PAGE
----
Clockwork Cameras; Wind-On Advance Through Time

In the days before digital, most film cameras had built-in, battery-driven motor drives. But cameras with motor drives were around long before the electronic age, the only difference being that they ran by clockwork.

Say clockwork to collectors and Robot is the name that springs to mind. These cameras were the brainchild of Heinz Kilfitt, a German watchmaker and prolific photographic inventor. He sold the idea to Hans Berning, who set up Otto Berning & Co. in Düsseldorf to manufacture it.

Robot I: the first of a long line of prestigious clockwork-driven cameras from this manufacturer.
All Photos © 2010, John Wade, All Rights Reserved

The first Robot, introduced in 1934, was a small camera with a large knob on top to wind the clockwork motor. It took 35mm but with the film running from supply cassette to take-up cassette there was no need for it to be rewound after shooting.

For the next half century Robot cameras continued to develop, becoming ever more sophisticated and highly regarded. More models of the Robot were produced than of any other clockwork-driven camera. They were better specified and, of all the clockwork cameras, they are still considered the best. But they were by no means the first.

That honor goes to Le Pascal, made in France by Japy et Cie in 1898. This was a small, box-type camera, with a leather-covered wood and metal body. Before making any exposures, the film was wound all the way onto the take-up drum, which also had the effect of tensioning the spring of the motor. Thereafter, as each exposure was made by tugging on a string protruding from the body, the film automatically rewound, frame by frame, back onto its original spool.

Debrie Sept: a clockwork camera for 35mm film, produced three years ahead of the Leica I.

In 1922, the Debrie Sept was launched, to take 35mm film, three years ahead of the Leica, more usually recognized as the first 35mm camera. The Sept was a square-cornered box shape with the motor housing mounted on the side. This advanced film after each exposure and could also be adjusted for a continuous run, turning the Sept into a short-run movie camera.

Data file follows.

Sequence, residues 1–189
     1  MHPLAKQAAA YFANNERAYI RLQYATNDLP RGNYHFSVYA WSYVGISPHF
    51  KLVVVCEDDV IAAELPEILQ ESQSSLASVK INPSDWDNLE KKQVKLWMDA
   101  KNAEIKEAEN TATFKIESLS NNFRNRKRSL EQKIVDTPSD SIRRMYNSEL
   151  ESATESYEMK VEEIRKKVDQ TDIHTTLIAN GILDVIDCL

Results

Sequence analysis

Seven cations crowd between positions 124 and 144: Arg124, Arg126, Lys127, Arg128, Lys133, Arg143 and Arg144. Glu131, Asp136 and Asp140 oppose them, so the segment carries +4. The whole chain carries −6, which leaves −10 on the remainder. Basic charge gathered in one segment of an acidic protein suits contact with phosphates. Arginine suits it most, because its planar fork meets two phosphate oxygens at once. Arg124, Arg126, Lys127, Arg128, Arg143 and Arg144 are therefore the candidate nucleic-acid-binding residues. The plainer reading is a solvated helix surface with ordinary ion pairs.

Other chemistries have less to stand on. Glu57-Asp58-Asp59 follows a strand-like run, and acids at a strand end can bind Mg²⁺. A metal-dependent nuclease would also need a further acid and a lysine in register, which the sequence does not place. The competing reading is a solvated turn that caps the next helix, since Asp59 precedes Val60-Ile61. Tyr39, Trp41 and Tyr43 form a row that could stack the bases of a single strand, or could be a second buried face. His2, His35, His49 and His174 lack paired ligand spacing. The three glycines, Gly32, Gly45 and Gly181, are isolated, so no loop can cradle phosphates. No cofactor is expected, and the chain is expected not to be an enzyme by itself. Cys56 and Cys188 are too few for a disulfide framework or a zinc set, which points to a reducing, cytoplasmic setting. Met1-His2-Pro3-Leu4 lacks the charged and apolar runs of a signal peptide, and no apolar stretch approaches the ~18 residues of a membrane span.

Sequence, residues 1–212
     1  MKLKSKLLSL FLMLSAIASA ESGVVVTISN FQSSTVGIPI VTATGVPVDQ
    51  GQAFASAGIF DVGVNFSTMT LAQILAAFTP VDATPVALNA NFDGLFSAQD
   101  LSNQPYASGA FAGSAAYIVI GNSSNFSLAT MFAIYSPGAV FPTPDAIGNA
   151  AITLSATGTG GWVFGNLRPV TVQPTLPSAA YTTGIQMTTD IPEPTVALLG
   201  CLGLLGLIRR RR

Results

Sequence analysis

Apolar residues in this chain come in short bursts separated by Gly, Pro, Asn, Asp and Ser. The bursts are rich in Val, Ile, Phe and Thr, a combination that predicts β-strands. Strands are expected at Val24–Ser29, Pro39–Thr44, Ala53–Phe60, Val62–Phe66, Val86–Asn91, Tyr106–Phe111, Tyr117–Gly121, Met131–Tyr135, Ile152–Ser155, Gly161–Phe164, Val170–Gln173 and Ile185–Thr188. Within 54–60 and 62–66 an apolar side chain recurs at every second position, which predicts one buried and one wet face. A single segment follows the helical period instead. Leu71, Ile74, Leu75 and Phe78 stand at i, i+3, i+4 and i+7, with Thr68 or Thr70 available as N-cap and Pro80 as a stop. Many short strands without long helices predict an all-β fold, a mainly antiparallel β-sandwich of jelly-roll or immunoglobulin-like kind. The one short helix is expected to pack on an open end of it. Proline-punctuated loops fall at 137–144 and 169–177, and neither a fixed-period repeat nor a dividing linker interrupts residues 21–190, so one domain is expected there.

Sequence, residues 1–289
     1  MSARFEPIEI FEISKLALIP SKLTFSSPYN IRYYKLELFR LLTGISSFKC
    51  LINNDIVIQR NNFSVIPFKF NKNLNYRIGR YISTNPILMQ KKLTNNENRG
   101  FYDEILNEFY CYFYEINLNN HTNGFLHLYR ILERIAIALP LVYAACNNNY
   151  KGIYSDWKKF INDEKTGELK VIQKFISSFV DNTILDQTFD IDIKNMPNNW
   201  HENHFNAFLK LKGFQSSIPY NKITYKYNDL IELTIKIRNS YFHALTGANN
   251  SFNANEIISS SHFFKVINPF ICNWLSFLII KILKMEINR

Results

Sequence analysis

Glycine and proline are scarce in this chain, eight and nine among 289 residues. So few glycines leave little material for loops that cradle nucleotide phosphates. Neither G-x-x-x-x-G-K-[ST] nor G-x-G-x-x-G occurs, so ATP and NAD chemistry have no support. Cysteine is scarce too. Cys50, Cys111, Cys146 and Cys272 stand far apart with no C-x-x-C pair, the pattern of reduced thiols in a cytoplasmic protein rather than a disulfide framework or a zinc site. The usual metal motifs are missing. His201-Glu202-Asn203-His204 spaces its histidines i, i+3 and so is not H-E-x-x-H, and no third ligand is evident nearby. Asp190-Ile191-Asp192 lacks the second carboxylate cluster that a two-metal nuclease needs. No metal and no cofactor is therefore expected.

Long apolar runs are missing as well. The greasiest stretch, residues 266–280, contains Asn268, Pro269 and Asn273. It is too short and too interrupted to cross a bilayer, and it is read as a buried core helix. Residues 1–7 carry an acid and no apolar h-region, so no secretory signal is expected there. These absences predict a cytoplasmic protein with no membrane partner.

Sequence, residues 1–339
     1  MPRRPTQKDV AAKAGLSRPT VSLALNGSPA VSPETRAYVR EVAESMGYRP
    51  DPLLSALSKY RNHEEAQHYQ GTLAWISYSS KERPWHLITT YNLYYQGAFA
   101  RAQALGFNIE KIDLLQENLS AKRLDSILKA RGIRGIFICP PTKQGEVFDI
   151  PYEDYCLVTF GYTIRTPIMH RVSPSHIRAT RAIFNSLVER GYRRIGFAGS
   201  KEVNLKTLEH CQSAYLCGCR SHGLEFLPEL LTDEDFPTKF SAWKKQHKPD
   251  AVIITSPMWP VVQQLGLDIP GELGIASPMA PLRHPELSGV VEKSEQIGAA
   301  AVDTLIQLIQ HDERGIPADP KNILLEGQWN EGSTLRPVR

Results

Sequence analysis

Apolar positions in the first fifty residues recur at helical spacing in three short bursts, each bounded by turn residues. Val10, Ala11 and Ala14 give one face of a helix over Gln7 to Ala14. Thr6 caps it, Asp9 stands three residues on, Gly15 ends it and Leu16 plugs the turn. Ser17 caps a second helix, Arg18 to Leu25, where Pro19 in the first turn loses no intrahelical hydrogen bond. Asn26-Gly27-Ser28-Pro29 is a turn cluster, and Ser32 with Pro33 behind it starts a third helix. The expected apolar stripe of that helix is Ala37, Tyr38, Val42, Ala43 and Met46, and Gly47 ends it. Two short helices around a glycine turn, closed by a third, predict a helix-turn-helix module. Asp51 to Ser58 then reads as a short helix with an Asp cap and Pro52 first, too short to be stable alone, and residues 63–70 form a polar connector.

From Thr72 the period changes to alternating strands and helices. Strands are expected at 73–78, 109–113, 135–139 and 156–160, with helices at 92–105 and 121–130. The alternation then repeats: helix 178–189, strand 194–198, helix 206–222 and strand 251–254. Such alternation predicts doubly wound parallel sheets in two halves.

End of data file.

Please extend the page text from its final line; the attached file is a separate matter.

Semi-Automatic Ansco: one of the few clockwork cameras to use roll film.

The Sept was so called because the word is French for seven, the number of ways it could be used: as a still camera; as a sequential camera for taking a rapid sequence of still pictures; as a cine camera; with the attachment of a suitable light source, as a still projector; likewise, as a cine projector; likewise, as an enlarger; with an unexposed film alongside a developed film, to print a strip of negatives as a positive filmstrip.

Foton: an American camera that proved too expensive for the market.

The majority of clockwork cameras used 35mm, but in 1924 Ansco applied the idea to paper-backed roll film. The Semi-Automatic Ansco looked like a traditional folding rollfilm camera with the addition of a key to wind the clockwork motor in place of a more traditional film wind knob, and a small lever protruding from the body. Pressing and releasing the lever wound the film. The following year Ansco launched the improved Automatic No. 1A, which coupled the film wind with the shutter release.

For clockwork-driven cameras, the 1930s were dominated by the aforementioned Robots. Then came World War II, after which, in 1947, the English Wray company took out a patent on a revolutionary 35mm Single Lens Reflex (SLR) with a built-in motor drive. The camera never went into production, and no other manufacturer produced a clockwork-driven SLR, although a few offered add-on clockwork accessories.

The American Bell & Howell company, best known for making movie cameras, was next on the scene in 1948 with a clockwork-driven still camera called the Foton. It was a 35mm camera with a screw-fit standard lens and bayonet lugs for its telephoto lenses.